The thought of using both a furnace and heat pump can seem a little odd at first. After all, why should you need two heating systems? Even though furnaces and heat pumps both offer energy-efficient heat, the variations in their design really make installing both of them a worthwhile option. It’s not for all of us, but in the right conditions you can absolutely benefit from having a furnace and a heat pump.
You'll need to take a look at several factors in order to decide if this sort of setup works for you. Your local climate and the dimensions of your home are both especially important, particularly for the heat pump. This is because numerous models of heat pumps begin to run less efficiently in cooler weather and large homes. That being said, you can still benefit from heat pump installation in Huntingburg.
Heat Pumps Can Be Less Reliable in Cold Weather
Heat pumps are generally less efficient in colder weather as a result of how they provide climate control to begin with. Unlike furnaces, which ignite fuel to generate heat, a heat pump reverses its supply of refrigerant to extract heat from outdoor air. This heat is then brought inside and circulated around your home. As long as there is still some heat energy in the air, a heat pump will function. But the colder the temperature, the less efficient this process is.
The less heat energy is accessible outside, the longer it takes a heat pump to pull heat indoors to reach your desired temperature. It may depend on the type of make and model, but heat pumps may start to lose efficiency at temperatures of 40 degrees and below. They can still be an energy-efficient option until 20-25 degrees, at which point a gas furnace is more effective.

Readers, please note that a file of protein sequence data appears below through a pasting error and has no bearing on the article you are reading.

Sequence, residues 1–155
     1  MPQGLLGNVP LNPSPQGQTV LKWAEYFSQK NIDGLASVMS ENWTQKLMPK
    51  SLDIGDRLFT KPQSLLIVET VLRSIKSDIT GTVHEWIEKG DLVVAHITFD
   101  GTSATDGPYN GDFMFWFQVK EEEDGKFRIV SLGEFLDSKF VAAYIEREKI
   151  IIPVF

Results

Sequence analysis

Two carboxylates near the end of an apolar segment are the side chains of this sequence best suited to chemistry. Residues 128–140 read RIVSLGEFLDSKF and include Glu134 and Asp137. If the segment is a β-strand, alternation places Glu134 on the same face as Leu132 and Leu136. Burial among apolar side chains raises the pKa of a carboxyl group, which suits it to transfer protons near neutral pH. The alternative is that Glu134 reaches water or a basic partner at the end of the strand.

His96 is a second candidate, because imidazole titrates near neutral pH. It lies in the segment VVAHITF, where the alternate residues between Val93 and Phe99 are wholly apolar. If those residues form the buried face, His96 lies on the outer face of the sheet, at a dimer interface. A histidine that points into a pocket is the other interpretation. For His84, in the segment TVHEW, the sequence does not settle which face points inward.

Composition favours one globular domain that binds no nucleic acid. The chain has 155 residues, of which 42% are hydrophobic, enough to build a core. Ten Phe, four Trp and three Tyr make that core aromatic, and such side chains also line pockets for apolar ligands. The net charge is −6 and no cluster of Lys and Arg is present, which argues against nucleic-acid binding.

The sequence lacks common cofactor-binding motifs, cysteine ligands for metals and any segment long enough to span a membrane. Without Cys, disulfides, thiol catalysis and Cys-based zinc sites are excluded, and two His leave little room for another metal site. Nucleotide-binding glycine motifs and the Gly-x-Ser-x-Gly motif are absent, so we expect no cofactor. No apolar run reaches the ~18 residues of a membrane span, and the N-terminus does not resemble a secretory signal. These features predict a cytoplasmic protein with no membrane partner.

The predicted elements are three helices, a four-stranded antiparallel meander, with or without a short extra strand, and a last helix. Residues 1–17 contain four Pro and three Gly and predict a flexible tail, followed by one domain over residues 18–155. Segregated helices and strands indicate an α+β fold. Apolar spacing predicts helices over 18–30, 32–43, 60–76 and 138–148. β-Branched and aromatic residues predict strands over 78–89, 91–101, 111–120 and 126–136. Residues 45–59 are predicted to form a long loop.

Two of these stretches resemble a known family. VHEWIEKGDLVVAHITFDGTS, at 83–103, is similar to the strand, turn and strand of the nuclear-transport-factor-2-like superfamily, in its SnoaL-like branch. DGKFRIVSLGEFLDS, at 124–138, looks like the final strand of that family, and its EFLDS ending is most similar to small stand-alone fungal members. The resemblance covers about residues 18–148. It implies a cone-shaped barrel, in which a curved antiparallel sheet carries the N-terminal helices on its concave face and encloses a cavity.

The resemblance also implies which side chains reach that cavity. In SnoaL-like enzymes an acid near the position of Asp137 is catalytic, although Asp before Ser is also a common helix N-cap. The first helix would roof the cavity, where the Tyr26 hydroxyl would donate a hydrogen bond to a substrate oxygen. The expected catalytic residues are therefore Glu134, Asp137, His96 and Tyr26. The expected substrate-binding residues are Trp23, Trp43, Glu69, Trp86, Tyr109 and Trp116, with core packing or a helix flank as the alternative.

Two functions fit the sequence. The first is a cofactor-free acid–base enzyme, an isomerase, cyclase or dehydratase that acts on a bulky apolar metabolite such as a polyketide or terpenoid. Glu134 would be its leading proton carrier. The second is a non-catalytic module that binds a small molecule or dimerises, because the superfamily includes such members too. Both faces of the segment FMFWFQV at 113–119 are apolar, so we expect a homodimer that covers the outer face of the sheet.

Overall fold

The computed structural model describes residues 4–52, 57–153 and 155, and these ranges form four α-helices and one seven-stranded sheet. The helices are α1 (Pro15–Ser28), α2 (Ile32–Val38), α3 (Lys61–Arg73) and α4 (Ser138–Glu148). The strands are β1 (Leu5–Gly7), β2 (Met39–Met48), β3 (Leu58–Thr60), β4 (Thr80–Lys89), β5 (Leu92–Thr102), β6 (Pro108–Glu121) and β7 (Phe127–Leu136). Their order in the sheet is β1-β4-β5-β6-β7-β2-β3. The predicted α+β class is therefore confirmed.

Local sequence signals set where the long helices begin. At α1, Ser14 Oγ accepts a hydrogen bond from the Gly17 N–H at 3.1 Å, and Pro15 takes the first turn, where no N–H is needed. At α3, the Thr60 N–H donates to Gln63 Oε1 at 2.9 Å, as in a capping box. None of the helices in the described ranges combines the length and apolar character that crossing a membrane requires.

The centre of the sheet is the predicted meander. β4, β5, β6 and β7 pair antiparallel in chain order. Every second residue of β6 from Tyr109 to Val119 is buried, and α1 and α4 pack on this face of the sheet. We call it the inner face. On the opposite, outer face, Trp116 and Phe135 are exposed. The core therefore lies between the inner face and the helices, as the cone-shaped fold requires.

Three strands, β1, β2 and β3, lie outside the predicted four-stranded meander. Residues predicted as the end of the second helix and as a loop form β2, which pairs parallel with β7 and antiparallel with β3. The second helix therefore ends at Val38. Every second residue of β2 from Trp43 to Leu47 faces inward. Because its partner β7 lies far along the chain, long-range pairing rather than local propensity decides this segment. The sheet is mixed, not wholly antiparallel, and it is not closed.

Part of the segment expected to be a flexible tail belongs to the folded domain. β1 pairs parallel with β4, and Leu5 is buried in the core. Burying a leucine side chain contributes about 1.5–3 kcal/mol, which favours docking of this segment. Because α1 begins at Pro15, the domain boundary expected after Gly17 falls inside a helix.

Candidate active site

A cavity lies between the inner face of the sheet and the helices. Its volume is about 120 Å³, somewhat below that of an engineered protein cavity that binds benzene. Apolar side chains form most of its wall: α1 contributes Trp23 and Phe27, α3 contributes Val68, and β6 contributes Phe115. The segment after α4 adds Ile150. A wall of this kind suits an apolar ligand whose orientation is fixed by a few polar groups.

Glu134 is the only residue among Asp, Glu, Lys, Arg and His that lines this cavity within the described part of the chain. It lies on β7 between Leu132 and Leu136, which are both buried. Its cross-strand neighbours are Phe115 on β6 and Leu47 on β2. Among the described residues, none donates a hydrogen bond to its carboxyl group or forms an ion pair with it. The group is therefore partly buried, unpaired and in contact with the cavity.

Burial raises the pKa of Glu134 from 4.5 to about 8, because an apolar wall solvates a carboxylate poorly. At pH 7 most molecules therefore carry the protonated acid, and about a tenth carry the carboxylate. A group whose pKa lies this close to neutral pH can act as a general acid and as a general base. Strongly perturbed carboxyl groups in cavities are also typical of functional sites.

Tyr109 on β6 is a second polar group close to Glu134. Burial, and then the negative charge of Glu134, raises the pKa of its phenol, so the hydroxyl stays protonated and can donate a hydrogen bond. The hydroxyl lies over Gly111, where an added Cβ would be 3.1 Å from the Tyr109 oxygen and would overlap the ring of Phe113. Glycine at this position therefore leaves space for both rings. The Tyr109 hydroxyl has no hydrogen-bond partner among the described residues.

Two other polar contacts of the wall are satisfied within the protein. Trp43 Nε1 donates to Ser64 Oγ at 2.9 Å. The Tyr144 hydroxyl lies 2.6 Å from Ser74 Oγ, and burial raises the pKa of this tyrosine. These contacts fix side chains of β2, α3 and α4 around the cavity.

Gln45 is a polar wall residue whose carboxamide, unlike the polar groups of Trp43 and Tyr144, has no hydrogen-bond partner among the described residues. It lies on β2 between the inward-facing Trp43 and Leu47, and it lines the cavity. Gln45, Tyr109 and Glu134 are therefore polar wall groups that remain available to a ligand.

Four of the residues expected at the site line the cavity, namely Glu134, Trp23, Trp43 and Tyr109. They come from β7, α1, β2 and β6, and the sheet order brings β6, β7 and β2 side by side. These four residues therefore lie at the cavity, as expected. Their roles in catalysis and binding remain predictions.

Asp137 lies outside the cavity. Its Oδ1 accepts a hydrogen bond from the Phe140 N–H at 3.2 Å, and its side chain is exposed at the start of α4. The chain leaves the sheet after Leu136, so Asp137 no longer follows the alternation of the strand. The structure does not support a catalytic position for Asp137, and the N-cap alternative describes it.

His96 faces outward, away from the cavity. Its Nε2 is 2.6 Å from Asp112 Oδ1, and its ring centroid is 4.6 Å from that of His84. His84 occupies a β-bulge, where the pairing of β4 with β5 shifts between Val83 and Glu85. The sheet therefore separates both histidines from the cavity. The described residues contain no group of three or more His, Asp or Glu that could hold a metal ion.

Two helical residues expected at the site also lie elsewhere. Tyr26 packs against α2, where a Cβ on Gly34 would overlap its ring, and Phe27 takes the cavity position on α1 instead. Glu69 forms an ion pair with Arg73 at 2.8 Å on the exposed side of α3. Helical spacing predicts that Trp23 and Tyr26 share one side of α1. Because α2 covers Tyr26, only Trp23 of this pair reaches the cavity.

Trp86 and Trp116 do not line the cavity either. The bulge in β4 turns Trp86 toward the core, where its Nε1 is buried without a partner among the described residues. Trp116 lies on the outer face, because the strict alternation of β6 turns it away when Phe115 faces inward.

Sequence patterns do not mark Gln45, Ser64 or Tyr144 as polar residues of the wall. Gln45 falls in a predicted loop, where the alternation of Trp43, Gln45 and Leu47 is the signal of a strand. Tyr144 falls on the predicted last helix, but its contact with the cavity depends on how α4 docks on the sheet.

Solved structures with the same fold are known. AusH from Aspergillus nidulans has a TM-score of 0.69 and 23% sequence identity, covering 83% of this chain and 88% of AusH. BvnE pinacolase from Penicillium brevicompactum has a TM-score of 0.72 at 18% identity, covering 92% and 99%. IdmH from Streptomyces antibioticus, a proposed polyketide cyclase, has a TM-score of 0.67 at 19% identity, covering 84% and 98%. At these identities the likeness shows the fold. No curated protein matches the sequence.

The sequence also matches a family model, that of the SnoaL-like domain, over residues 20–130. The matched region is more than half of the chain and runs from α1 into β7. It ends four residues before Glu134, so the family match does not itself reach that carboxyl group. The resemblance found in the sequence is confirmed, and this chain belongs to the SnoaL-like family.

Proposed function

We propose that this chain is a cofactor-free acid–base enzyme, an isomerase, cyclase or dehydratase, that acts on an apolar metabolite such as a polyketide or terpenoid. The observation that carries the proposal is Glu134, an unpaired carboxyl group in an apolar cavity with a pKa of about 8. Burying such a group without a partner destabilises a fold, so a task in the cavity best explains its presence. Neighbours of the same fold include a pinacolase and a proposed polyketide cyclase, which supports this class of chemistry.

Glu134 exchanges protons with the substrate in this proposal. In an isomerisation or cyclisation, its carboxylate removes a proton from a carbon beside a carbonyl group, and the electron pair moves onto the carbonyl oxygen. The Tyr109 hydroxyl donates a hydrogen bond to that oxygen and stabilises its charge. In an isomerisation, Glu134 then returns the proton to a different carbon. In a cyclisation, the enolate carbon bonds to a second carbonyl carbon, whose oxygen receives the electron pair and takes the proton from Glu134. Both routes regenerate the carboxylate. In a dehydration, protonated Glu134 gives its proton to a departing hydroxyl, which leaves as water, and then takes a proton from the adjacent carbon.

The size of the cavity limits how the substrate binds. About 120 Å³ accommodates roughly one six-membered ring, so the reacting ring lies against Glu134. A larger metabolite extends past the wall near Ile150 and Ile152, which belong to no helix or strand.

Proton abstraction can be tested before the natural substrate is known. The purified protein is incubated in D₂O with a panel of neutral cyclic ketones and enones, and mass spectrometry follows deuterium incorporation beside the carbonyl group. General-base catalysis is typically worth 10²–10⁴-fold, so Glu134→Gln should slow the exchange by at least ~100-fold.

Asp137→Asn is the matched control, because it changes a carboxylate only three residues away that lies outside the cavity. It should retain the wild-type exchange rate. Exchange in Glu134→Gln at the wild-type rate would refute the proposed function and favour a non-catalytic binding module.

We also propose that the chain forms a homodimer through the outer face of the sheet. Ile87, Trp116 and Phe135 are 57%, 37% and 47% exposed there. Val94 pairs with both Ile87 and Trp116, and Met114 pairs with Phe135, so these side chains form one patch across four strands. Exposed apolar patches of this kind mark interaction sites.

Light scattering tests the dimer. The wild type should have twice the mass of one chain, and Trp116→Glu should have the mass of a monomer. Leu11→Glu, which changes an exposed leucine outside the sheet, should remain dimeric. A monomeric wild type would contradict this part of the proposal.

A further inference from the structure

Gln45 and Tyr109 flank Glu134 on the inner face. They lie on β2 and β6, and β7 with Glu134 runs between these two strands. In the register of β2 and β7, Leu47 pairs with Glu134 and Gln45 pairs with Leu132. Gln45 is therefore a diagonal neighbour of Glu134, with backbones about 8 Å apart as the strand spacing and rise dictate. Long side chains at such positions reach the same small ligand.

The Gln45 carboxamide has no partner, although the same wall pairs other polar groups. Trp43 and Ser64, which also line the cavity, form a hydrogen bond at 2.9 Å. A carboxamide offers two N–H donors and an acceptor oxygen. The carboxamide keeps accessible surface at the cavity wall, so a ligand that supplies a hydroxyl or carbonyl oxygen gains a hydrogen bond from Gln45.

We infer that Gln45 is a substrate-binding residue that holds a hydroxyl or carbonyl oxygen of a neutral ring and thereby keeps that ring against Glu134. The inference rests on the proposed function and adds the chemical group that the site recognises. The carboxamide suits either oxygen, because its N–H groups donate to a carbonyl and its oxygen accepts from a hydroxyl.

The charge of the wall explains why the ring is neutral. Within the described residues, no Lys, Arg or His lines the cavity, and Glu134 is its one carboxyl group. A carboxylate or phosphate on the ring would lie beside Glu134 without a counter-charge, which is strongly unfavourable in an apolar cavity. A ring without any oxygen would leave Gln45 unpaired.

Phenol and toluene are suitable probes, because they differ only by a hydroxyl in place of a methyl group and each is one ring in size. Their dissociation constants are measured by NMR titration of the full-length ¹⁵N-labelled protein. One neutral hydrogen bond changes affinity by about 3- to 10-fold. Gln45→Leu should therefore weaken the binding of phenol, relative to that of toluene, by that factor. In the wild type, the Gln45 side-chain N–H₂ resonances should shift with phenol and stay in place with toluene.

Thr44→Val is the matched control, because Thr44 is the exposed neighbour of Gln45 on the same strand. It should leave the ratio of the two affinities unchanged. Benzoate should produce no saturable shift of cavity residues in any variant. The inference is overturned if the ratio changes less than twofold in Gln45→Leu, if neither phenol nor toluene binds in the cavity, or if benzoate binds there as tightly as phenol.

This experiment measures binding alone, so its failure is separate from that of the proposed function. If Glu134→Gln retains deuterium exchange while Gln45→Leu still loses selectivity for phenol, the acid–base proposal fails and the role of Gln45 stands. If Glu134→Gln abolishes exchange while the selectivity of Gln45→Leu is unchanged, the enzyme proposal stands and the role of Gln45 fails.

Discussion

What Temperatures Do Heat Pumps Run Best In?
Heat pumps function best in moderate climates 40 degrees and up. Having said that, you don’t have to sacrifice the benefits of a heat pump just because the local climate is cold. In fact, that’s why owning both a furnace and heat pump might be worth the cost. You can use the heat pump for energy-efficient heat until the weather is cold enough to justify switching to something like a gas furnace.
A few makes and models feature greater effectiveness in winter weather. For example, the Lennox MLA heat pump is capable of running at 100% capacity at 0°F. It can even remain functional in temperatures as cold as -22°F. For optimum energy efficiency, you’ll likely still want to use the furnace in particularly cold weather.
So Should I Install a Heat Pump If I Have a Gas Furnace?
If you’re serious about maintaining the most energy-efficient HVAC system achievable, owning a heat pump and gas furnace at the same time warrants the investment. Not only is a dual-heating system flexible, but it offers other perks including:
- Dependable backup heating – A redundant heating system means even if one fails, you still have the ability to heat your home. It might not be the most energy efficient, but it’s better than shivering in an unheated home while you hold out for repairs
- Lower energy costs – The ability to select which heating system you use depending on the highest energy efficiency decreases your total costs. Smaller heating bills over the life of these heaters can really add up to a lot of savings
- Less strain on both systems – Instead of running one system all winter long, heating responsibilities are separated between the furnace and heat pump. Key components can live longer since they’re not under continuous use.
If you’re still unsure about heat pump installation in Huntingburg, don’t hesitate to contact your local expert technicians. They can evaluate your home’s comfort needs and help you decide if a dual-heating HVAC system is the ideal option.